American Figure Skater Crashes Headfirst Into The Ice, Referee Allows Her To Continue

Sylvia

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Starting a separate news/discussion thread from the U.S. Pairs thread (since not everyone will see the news in there) with Deadspin's dramatic article headline yesterday since the news of Ashley Cain's accident at Golden Spin of Zagreb yesterday appears to be spreading in news media outlets today (ETA: just saw a Hungarian article with a tabloid-y headline that includes the words "... huge scandal, the internet exploded") and video is being widely shared online (134,459 views & counting for the original YT one, referenced below).

Deadspin's Dvora Meyers wrote this article yesterday and excerpted relevant parts of both the ISU & Skate Canada rulebooks (video of the scary accident is embedded here): https://deadspin.com/american-figure-skater-crashes-head-first-into-the-ice-1830950876
Though the fall was horrific and Cain appeared visibly dazed after getting up from the ice, the pair finished their program. This made for jarring viewing, even if it was just athletes continuing their program as they’re trained to do, but it was abundantly clear that someone should’ve intervened and halted the program so that Cain could receive proper treatment on the ice. That someone, it turns out, was the referee.

According to the International Skating Union’s rulebook, the referee has the power to stop a program if there is a medical emergency.
ISU Rule 515, part 5:

If, in the opinion of the Referee, medical attention is required, he must stop the performance by an acoustic signal and follow the Medical Protocol (Communication 2049 or any update thereof) The Referee, after consulting with the respective Team Physician, or, if not present, the medical doctor provided by the Organizer, he will decide if the Competitor is allowed back to compete. If the Referee does not allow the skater to resume within 3 minutes since he stopped skating his program the competitor will be considered withdrawn.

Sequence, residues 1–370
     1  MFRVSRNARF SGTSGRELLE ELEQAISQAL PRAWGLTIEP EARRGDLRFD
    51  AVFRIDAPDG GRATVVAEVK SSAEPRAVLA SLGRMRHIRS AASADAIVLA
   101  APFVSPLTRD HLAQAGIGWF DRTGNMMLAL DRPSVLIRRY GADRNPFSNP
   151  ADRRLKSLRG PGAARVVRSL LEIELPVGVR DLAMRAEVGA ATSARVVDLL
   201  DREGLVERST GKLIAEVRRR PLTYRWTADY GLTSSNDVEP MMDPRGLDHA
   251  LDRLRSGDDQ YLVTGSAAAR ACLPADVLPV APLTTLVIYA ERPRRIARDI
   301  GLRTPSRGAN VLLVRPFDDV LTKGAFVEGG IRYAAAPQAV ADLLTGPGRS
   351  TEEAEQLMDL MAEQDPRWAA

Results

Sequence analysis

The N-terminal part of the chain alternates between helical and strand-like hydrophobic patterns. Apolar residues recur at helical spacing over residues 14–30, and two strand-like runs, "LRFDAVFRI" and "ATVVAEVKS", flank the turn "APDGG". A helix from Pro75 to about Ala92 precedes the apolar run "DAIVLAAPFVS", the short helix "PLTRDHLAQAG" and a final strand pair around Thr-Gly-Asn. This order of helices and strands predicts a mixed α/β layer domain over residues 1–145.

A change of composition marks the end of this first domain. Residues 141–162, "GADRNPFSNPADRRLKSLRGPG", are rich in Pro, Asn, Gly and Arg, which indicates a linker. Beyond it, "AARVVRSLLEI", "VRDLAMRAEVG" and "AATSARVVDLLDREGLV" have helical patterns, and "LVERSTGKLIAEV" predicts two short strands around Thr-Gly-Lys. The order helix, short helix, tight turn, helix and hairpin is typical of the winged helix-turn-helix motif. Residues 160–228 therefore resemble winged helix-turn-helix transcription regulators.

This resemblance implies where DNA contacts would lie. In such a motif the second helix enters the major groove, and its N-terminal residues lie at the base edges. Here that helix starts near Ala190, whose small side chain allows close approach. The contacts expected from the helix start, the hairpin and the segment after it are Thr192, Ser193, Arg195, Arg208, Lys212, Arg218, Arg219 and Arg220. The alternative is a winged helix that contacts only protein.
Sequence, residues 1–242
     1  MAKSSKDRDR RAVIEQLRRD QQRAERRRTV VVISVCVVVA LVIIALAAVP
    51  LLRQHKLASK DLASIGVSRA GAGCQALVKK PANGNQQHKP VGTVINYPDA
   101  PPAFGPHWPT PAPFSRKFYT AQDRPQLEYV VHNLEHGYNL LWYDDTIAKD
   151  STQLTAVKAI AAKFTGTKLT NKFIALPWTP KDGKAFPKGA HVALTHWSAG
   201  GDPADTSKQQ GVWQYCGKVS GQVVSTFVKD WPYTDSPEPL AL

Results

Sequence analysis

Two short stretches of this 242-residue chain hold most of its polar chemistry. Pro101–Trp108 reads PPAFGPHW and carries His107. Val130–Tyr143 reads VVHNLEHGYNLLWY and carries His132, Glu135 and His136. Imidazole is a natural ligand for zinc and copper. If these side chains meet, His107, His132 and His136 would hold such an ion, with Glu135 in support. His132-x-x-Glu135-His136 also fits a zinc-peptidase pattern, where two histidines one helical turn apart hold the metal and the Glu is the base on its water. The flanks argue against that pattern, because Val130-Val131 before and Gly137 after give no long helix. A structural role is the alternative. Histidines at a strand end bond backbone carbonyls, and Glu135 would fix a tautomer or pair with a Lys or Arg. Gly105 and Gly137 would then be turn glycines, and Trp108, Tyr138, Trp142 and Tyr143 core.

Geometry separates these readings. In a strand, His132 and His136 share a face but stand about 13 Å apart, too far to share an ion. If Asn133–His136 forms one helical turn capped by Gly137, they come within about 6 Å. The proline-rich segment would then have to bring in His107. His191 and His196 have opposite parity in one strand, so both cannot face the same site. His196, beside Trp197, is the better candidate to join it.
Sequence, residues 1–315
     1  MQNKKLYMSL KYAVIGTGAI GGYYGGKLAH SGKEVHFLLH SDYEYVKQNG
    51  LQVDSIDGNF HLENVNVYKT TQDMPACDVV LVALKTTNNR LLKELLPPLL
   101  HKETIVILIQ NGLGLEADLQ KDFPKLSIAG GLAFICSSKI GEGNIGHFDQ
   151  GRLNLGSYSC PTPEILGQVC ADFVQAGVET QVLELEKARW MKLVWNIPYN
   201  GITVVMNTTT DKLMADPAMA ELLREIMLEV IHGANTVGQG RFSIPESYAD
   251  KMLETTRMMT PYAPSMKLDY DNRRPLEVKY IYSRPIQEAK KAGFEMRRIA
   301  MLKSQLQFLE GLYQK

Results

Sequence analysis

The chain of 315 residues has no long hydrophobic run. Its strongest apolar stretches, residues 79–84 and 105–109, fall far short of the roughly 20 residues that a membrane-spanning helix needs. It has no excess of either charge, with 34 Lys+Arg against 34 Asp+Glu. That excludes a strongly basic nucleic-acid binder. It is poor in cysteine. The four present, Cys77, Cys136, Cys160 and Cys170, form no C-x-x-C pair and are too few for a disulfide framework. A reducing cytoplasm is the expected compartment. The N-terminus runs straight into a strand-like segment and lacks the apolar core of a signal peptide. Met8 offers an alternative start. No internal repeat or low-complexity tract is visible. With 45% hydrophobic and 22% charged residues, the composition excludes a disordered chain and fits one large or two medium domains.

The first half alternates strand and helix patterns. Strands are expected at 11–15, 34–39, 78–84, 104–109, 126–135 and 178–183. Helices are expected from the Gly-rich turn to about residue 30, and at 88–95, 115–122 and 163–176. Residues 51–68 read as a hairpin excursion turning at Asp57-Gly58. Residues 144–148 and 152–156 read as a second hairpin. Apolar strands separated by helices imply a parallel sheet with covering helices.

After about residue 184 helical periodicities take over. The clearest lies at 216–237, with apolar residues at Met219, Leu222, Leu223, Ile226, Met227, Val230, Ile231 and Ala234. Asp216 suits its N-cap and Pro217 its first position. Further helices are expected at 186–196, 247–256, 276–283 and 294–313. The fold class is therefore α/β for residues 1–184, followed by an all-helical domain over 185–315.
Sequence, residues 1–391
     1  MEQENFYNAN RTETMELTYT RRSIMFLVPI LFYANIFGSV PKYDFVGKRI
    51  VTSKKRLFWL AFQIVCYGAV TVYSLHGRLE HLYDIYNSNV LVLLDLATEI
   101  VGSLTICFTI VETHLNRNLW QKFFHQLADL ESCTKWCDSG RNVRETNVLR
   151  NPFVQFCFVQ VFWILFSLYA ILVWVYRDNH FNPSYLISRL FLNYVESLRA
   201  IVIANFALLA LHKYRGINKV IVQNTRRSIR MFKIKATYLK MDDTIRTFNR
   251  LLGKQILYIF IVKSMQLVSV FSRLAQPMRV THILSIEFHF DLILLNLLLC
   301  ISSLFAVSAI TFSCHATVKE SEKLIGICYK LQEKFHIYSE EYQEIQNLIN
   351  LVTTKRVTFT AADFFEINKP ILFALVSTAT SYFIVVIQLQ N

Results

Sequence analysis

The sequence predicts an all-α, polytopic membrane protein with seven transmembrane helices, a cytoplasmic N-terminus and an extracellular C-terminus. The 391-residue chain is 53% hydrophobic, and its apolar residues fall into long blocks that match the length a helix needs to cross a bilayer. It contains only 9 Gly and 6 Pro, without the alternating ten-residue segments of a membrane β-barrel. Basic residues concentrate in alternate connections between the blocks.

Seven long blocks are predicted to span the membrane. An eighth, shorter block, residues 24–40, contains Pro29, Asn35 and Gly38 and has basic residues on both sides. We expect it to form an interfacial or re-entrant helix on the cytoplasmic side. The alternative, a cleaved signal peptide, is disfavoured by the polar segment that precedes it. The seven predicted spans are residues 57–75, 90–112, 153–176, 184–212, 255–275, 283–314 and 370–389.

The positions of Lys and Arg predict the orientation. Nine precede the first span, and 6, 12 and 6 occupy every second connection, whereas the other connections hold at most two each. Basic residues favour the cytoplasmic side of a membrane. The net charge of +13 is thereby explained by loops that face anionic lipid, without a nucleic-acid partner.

Reuters provided an update in their article today: https://www.reuters.com/article/us-...n-suffers-nasty-fall-in-croatia-idUSKBN1O702Q
Cain said on Twitter [via USFS] that she had been released from hospital and would continue her recovery back home.

“Thank you for all of your love and for supporting us! The medical team and staff were wonderful,” she said.
USFS' 2-part tweet last night: https://twitter.com/USFigureSkating/status/1071260892296183809
(1/2) Message from @icegirlash:

“Hey everyone, thank you so much for all of the well wishes and for checking in. It really means a lot to us. I got checked out at the hospital and I am going to continue my recovery back home.”

(2/2) “Thank you for all of your love and for supporting us! The medical team and staff were wonderful❤️”
 
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Karen-W

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Good! I'm glad this is getting some media attention! Maybe that will prompt the ISU and USFSA to change their concussion protocols. And, I certainly hope, help change the culture in skating toward potential concussions.
 

nimi

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The Deadspin writer makes a good point comparing the relevant ISU and Skate Canada rules. It's problematic that ISU has the "If, in the opinion of the Referee, medical attention is required" formulation, given that the Referees aren't required to be medical professionals. Are they even required to undergo any meaningful training about concussions and head injuries? Does anybody know?

I think the Canadian formulation ("if the referee feels there is a possible head injury or concern of concussion or if advised by medical, they should blow the whistle or stop the music to signal to the skater(s) to stop skating") is a lot better and gives some actual useful guidance. I.e. if you're a referee and you feel somebody might have hit their head, you should intervene.
 

mysticchic

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The Deadspin writer makes a good point comparing the relevant ISU and Skate Canada rules. It's problematic that ISU has the "If, in the opinion of the Referee, medical attention is required" formulation, given that the Referees aren't required to be medical professionals. Are they even required to undergo any meaningful training about concussions and head injuries? Does anybody know?

I think the Canadian formulation ("if the referee feels there is a possible head injury or concern of concussion or if advised by medical, they should blow the whistle or stop the music to signal to the skater(s) to stop skating") is a lot better and gives some actual useful guidance. I.e. if you're a referee and you feel somebody might have hit their head, you should intervene.
She didn't move until Tim lifts her and she was out of it. The whistle should have been blown while she was down face first on the ice. No if and about it. I am horrified they let that go and even her coaches (parents) allowed it to be continued.
 

Enchanted